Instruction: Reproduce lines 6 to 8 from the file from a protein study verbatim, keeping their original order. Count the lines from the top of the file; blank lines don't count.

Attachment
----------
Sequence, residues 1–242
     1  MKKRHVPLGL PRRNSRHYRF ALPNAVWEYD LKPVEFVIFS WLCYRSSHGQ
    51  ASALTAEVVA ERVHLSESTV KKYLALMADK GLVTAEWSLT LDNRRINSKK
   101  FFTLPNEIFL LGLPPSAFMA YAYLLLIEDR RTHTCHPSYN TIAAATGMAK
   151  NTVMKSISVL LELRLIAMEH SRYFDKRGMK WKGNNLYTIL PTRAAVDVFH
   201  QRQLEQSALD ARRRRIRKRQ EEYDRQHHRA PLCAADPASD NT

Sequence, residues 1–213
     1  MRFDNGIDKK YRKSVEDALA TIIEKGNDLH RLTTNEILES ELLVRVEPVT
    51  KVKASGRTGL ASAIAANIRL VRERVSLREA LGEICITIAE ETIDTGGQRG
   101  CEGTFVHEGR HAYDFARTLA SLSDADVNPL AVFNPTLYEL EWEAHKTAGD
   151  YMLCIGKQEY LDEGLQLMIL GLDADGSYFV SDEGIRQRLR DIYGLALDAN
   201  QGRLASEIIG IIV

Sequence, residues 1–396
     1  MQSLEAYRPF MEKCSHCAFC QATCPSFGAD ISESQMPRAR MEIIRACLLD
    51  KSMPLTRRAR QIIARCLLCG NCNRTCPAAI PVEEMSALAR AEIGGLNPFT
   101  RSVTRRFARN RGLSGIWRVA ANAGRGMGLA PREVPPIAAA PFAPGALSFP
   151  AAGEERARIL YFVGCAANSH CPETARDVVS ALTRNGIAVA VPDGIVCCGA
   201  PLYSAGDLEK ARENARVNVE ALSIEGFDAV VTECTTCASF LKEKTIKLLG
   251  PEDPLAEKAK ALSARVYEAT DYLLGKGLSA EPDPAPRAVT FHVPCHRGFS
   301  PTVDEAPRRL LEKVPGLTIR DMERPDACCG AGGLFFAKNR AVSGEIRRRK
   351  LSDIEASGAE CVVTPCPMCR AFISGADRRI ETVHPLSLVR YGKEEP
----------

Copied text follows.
   201  QRQLEQSALD ARRRRIRKRQ EEYDRQHHRA PLCAADPASD NT

Sequence, residues 1–213
     1  MRFDNGIDKK YRKSVEDALA TIIEKGNDLH RLTTNEILES ELLVRVEPVT